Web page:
No clinically relevant difference between surgical methods for sciatica and herniated disc
How to Cite
OrthoEvidence. No clinically relevant difference between surgical methods for sciatica and herniated disc. ACE Report. 2013;2(3):86. Available from: https://myorthoevidene.com/AceReport/Report/4174
Surgical techniques for sciatica due to herniated disc, a systematic reviewEur Spine J. 2012 Nov;21(11):2232-51. doi: 10.1007/s00586-012-2422-9. Epub 2012 Jul 20
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Dr. Wilco Jacobs discusses his systematic review assessing surgical techniques for sciatica due to herniated disc.
This systematic review and meta-analysis included 16 studies comparing surgical techniques for patients with sciatica due to disc herniation. Results demonstrated that microscopic discectomy resulted in reduced postoperative leg pain, shorter hospitalization, shorter incision length and longer operation time than conventional discectomy. Mixed results were found from studies comparing tubular discectomy and microscopic discectomy.
Were the search methods used to find evidence (original research) on the primary question or questions stated?
Was the search for evidence reasonably comprehensive?
Were the criteria used for deciding which studies to include in the overview reported?
Was the bias in the selection of studies avoided?
Were the criteria used for assessing the validity of the included studies reported?
Was the validity of all of the studies referred to in the text assessed with use of appropriate criteria (either in selecting the studies for inclusion or in analyzing the studies that were cited)?
Were the methods used to combine the findings of the relevant studies (to reach a conclusion) reported?
Were the findings of the relevant studies combined appropriately relative to the primary question that the overview addresses?
Were the conclusions made by the author or authors supported by the data and or analysis reported in the overview?
How would you rate the scientific quality of this evidence?
Yes = 1
Uncertain = 0.5
Not Relevant = 0
No = 0
The Reporting Criteria Assessment evaluates the transparency with which authors report the methodological and trial characteristics of the trial within the publication. The assessment is divided into five categories which are presented below.
Detsky AS, Naylor CD, O'Rourke K, McGeer AJ, L'Abbé KA. J Clin Epidemiol. 1992;45:255-65
The Fragility Index is a tool that aids in the interpretation of significant findings, providing a measure of strength for a result. The Fragility Index represents the number of consecutive events that need to be added to a dichotomous outcome to make the finding no longer significant. A small number represents a weaker finding and a large number represents a stronger finding.
Why was this study needed now?
Sciatica is usually treated with conservative care; however, surgery is considered when nonsurgical treatment fails to reduce the symptoms after at least 6 weeks. Microscopic discectomy is the most common method of surgical treatment, and it can be done using a microscope or with the use of other magnifying tools. Since the best method of discectomy has not been determined, this review aimed to compare the different techniques with respect to intraoperative and clinical outcomes in patients with sciatica and disc herniation.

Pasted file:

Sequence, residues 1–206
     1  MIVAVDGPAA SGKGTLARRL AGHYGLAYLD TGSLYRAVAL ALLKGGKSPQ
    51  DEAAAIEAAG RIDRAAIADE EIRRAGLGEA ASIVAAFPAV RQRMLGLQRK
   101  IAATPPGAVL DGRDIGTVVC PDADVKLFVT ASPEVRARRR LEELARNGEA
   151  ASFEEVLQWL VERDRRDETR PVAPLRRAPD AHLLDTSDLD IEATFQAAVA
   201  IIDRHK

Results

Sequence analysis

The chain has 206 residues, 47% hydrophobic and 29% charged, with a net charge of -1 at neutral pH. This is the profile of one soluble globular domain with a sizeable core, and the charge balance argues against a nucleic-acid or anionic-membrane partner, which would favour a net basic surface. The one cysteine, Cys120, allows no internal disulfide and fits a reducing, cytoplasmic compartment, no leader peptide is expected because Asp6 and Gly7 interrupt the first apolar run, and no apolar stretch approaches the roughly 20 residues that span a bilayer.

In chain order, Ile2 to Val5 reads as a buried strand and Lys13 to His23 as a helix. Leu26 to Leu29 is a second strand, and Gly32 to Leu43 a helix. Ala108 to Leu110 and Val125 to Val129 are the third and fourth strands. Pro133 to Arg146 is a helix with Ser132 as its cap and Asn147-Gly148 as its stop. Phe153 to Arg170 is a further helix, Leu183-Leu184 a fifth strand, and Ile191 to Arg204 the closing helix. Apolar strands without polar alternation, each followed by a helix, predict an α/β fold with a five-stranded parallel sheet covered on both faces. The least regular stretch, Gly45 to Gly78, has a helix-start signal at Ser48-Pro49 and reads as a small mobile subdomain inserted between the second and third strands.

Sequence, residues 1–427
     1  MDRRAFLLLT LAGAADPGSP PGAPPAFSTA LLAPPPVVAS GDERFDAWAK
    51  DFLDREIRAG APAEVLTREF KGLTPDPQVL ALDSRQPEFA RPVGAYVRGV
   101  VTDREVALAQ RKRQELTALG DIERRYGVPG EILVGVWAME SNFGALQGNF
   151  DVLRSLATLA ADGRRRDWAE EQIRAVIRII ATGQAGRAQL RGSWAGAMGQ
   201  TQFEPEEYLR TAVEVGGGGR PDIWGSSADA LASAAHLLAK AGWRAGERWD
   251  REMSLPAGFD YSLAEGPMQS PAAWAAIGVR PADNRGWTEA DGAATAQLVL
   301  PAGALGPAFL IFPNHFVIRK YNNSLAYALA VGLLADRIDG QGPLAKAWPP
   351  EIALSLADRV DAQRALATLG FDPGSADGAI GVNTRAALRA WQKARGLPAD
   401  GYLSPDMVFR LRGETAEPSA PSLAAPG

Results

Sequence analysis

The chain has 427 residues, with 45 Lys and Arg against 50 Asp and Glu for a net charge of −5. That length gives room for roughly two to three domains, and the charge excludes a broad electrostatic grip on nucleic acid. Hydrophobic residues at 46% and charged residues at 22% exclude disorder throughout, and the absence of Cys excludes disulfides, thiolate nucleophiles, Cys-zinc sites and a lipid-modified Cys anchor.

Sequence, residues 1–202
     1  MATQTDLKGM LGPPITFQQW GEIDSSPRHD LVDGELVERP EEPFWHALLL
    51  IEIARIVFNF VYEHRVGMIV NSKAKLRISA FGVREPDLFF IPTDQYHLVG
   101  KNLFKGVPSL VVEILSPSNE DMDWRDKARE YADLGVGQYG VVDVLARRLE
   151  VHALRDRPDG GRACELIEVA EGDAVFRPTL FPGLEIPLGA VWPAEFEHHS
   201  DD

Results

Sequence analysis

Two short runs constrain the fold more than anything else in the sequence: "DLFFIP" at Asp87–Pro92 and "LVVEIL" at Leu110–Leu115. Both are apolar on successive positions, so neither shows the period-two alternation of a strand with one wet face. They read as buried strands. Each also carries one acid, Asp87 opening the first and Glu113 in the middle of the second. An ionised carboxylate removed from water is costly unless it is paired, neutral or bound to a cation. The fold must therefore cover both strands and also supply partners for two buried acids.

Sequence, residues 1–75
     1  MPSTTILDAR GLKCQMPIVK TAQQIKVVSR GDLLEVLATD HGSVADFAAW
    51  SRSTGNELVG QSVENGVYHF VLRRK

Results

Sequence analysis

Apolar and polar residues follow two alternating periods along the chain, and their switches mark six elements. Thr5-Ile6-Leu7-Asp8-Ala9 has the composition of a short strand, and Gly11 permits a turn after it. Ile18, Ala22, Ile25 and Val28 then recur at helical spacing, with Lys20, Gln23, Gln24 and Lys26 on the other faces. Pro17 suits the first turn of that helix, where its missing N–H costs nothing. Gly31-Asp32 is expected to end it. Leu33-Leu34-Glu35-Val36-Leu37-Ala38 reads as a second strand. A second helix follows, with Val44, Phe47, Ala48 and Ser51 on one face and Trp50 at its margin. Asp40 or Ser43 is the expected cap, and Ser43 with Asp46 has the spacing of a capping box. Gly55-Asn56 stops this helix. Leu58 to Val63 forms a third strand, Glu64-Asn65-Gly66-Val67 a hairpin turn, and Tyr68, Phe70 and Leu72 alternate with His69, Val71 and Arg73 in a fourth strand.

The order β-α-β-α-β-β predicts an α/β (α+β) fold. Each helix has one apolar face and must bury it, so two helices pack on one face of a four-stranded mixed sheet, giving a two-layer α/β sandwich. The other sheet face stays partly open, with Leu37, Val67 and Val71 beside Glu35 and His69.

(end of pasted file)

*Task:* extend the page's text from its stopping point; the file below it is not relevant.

What was the principal research question?
Which method of discectomy is most effective with regards to clinical and intra-operative outcomes in patients with sciatica and lumbar disc herniation?
What were the important findings?
- According to 4 studies, microscopic discectomy resulted in less leg pain than open discectomy (95 % CI 0.57-3.44; p=0.006)
- 6 studies indicated that microscopic discectomy led to an increase in operation time when compared to open discectomy (pooled result: 12.2 min; 95% CI 2.20-22.3; p = 0.02)
- According to 2 studies, microscopic discectomy resulted in a shorter incision length than open discectomy
- Patients from 1 study who received micro-endoscopic discectomy (MED) had a significantly shorter hospital stay (3.6 vs. 5.9 days) and less intra-operative blood loss (88 vs 190 ml) than those who received open discectomy; However, the MED group had a longer operation time than the open discectomy group (109 vs. 72 min)
- 1 study indicated that tubular discectomy resulted in faster improvement in pain than conventional discectomy, whereas another study demonstrated the opposite at 2 years. Tubular discectomy also resulted in less post-operative analgesic consumption (1 study), shorter incision length (3 studies), shorter length of hospital stay (2 of 4 studies), and shorter operation time (2 of 3 studies) than conventional discectomy.
- 1 study with high risk of bias indicated that there was no difference between percutaneous endoscopic discectomy and microscopic discectomy in clinical outcomes.
- According to 1 study, sequestrectomy did not differ from standard microdiscectomy with respect to back and leg pain or in quality of life at 2 years.
What should I remember most?
There were few differences between open discectomy, microscopic discectomy, and tubular discectomy. Some studies reported less leg pain, shorter hospitalization or longer operation time with microdiscectomy compared to open discectomy.
How will this affect the care of my patients?
Conclusions regarding the most effective treatment for sciatica and lumbar disc herniation are still unclear, and further research is needed to establish superiority of one surgical technique. Further research using larger sample sizes is required in order to investigate the effectiveness and costs of the various methods of discectomy.
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